Scott Hanson-Easey

Dr Scott Hanson-Easey

Research Fellow and Lecturer

School of Public Health

Faculty of Health and Medical Sciences

Eligible to supervise Masters and PhD - email supervisor to discuss availability.

I am a researcher and lecturer with a cross-cutting interest in how individuals and diverse communities perceive and respond to health risks associated with natural hazards such as heatwaves and bushfires. This research aims to inform health communication interventions from government and non-government stakeholders.

I work in a cross- disciplinary academic environment and publish broadly with colleagues in fields such as epidemiology, disaster management, science communication, psychology, occupational and environmental health, social policy, disaster risk reduction, risk perception and discursive psychology. I have published over 50 academic journal articles and book chapters.

My most recent research focuses on how risk communication efforts could better address cultural, economic, social, structural, and discursive factors operating in different settings. When working with diverse communities, I utilise a community-based participatory research (CBPR) paradigm. This research has been used to develop a communication framework, guiding emergency service agencies in the process of designing risk and emergency messages with Culturally and Linguistically Diverse (CALD) communities across Australia. This research paradigm uses a ‘strength-based’ approach that treats communities themselves as the experts in understanding their own communication needs. Findings from these projects highlight the need to genuinely involve CALD, and other underrepresented communities, in evaluating and developing emergency and disaster messaging in collaboration emergency management agencies.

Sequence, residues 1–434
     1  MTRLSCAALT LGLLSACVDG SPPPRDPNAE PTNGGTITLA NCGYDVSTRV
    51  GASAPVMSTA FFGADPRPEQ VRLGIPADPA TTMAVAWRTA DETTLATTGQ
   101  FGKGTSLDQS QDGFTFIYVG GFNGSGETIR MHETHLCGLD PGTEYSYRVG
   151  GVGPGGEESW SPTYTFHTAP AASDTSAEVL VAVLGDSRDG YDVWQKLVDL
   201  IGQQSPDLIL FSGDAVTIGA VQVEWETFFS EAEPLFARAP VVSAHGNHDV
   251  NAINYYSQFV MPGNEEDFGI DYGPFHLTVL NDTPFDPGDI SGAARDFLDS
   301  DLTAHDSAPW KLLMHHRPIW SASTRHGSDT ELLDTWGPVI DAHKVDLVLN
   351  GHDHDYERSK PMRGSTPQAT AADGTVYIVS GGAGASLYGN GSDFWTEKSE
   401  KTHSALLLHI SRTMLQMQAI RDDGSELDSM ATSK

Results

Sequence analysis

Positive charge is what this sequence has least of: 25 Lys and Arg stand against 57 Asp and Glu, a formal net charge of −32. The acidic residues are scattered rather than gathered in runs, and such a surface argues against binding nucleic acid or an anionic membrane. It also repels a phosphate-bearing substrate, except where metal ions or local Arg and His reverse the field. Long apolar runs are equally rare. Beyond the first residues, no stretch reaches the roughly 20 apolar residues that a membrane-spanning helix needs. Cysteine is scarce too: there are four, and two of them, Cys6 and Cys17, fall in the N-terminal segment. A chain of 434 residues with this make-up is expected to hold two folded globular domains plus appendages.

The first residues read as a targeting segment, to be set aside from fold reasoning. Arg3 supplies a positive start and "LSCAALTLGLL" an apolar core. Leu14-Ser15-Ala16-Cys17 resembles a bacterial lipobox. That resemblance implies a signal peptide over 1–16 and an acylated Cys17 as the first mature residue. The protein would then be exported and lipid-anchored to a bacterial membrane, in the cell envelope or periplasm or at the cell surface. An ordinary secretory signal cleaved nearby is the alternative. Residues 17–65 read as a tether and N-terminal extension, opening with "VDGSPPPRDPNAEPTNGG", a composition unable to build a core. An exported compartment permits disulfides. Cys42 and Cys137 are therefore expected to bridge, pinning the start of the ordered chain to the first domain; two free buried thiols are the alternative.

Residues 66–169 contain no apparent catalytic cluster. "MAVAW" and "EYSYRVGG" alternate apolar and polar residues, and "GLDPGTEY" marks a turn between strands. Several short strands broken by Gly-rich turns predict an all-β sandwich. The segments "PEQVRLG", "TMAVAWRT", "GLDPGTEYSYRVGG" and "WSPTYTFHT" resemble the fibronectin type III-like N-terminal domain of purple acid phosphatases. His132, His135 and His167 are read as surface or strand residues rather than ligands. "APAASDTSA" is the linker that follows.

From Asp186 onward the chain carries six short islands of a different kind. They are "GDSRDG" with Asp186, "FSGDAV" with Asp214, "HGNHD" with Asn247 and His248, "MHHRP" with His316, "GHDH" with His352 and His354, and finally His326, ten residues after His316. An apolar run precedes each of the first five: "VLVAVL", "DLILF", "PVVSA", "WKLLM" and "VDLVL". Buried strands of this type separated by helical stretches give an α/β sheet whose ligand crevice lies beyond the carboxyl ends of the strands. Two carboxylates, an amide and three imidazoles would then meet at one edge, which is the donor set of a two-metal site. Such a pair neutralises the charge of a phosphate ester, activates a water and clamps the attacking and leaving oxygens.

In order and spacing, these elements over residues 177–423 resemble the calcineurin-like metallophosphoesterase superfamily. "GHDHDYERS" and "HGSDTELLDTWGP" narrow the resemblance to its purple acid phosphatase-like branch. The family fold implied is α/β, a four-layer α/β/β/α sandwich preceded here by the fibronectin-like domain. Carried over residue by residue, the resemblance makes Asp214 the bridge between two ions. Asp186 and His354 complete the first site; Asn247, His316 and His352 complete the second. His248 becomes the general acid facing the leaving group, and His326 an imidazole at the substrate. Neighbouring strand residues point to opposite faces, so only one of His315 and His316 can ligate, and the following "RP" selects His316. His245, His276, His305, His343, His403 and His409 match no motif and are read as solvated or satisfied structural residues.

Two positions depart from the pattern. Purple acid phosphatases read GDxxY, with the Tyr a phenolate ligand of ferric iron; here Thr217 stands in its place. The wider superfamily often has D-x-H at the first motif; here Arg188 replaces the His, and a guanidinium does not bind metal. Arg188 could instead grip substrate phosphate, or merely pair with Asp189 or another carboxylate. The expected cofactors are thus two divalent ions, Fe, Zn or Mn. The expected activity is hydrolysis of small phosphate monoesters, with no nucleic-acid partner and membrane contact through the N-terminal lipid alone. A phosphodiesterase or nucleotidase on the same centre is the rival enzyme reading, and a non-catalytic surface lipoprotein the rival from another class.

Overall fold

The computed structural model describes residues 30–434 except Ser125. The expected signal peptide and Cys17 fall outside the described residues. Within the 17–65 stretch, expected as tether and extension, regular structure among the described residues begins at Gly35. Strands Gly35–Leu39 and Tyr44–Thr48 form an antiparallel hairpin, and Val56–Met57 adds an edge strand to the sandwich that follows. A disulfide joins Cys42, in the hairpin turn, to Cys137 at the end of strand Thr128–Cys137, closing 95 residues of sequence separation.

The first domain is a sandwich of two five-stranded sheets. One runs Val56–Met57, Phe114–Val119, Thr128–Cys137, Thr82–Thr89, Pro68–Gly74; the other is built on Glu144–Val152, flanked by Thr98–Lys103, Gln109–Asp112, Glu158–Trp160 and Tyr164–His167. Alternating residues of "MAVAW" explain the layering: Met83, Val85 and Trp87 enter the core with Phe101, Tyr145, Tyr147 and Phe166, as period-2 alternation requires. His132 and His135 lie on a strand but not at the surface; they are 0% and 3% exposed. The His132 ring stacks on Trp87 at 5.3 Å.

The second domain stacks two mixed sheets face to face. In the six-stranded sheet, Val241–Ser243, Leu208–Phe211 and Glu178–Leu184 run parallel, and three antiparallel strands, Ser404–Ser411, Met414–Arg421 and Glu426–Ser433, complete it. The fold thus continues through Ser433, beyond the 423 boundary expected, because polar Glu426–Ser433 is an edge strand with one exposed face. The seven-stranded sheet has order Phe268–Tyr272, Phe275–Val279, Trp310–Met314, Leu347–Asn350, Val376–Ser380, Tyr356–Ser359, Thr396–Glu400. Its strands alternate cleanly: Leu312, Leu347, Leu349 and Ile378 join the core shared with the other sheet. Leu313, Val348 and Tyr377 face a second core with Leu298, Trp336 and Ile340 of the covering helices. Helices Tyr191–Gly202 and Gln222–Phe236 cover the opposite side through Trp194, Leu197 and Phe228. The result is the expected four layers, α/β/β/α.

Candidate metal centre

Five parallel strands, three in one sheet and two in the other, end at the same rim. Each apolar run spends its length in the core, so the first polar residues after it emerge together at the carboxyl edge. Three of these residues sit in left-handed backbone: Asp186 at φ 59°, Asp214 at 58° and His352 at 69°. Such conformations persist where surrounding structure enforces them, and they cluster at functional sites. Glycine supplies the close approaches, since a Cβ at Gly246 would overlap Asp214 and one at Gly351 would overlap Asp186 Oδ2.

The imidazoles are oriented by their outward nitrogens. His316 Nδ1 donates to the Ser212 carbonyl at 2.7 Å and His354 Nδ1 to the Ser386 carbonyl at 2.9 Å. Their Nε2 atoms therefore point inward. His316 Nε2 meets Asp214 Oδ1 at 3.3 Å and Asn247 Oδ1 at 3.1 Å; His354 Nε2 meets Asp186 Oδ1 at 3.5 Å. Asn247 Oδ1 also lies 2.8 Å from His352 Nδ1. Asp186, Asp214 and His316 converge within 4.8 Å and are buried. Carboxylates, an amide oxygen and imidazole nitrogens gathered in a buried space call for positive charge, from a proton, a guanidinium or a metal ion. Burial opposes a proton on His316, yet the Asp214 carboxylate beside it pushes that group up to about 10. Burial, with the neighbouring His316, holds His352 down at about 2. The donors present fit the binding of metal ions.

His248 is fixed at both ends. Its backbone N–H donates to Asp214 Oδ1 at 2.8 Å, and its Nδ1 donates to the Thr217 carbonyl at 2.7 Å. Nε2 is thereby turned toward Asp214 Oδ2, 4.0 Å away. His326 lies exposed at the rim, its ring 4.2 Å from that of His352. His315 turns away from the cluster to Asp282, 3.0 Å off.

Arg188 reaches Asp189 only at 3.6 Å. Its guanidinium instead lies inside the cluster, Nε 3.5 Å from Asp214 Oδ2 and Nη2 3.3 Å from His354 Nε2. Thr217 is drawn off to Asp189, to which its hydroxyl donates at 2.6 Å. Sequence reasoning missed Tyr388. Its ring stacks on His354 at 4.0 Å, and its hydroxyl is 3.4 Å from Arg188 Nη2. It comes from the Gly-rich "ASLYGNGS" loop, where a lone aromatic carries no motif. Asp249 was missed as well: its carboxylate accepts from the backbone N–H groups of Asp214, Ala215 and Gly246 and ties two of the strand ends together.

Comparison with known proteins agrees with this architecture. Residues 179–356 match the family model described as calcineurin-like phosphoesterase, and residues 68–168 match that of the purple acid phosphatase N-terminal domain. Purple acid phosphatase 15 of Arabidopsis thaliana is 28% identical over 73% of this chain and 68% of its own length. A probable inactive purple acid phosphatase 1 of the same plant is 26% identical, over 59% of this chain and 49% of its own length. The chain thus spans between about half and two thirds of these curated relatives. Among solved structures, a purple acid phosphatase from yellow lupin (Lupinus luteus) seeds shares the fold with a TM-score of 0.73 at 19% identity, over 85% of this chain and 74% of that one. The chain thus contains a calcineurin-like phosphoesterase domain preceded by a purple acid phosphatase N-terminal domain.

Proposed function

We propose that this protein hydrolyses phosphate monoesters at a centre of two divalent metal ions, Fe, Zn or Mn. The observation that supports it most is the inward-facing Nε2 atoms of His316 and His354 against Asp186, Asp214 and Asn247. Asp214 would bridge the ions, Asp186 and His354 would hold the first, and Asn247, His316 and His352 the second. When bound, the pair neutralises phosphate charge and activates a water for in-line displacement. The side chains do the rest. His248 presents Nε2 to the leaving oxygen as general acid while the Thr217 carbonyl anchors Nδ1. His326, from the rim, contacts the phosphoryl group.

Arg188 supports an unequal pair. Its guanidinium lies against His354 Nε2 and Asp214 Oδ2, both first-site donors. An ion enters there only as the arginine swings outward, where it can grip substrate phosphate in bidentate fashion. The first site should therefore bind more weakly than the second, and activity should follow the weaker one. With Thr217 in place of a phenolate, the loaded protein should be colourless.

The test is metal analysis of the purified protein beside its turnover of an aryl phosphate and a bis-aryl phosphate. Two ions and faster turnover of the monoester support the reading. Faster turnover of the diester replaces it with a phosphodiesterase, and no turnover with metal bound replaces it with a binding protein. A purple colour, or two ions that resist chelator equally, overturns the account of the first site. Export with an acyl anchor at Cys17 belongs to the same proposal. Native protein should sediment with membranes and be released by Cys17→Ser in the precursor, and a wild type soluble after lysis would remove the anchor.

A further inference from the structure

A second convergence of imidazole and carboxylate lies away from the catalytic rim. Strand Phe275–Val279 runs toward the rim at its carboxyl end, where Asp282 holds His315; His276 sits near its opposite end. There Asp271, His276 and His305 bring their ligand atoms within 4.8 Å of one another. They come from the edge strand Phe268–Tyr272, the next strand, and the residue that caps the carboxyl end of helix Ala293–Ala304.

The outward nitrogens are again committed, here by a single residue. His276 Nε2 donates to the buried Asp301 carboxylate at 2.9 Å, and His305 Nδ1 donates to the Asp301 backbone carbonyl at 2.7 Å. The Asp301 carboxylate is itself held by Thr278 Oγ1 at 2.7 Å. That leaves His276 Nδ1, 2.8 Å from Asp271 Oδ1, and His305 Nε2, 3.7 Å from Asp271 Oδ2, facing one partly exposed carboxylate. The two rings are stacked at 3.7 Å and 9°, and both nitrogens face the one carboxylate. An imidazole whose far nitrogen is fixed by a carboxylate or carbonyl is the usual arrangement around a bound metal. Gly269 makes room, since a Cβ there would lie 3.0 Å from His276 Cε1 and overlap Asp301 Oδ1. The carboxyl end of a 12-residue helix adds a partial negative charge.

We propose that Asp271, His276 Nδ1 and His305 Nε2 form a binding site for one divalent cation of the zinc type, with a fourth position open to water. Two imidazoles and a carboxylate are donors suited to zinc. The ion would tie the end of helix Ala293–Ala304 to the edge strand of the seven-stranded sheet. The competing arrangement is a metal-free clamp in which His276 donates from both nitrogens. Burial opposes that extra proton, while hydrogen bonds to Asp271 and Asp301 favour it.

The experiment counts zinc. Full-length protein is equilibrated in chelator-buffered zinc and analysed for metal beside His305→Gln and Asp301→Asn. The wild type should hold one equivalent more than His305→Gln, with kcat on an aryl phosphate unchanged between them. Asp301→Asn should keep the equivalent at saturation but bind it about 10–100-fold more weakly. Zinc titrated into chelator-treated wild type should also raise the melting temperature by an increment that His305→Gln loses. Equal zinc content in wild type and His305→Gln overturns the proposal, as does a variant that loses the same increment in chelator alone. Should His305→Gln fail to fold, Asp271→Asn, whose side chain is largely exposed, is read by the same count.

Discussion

In addition to this research, I was Manager of NCCARF's Vulnerable Communities Adaptation Network (VCN), hosted by the School of Public Health at the University of Adelaide. The Network aimed to strengthen Australia's research capacity in this vital area and augment understanding of how climate change will impact on the nation's most vulnerable groups, and how these impacts can be mitigated.

My research interests are in health and natural hazards risk perception and communication. Recent research is aimed at better understanding and enhancing the process of natural disaster and emergency risk communication between emergency management (EM), health agencies, and the public. I am interested in how risk communication efforts could better address cultural, social, economic, and discursive contexts in which people live. To this end, my work utilises a social justice perspective, using a community-based participatory research (CBPR) paradigm, bringing together community, government and community service organisations to co-design risk messages that reflect and resonate with people's 'lived experiences'. I work closely with EM and diverse communities, including Australians with a refugee background and those living with social and economic challenges. My conviction is that the efficacy of natural hazards risk communication is significantly enhanced when target audiences have a genuine and meaningful opportunity to contribute to the development of interventions.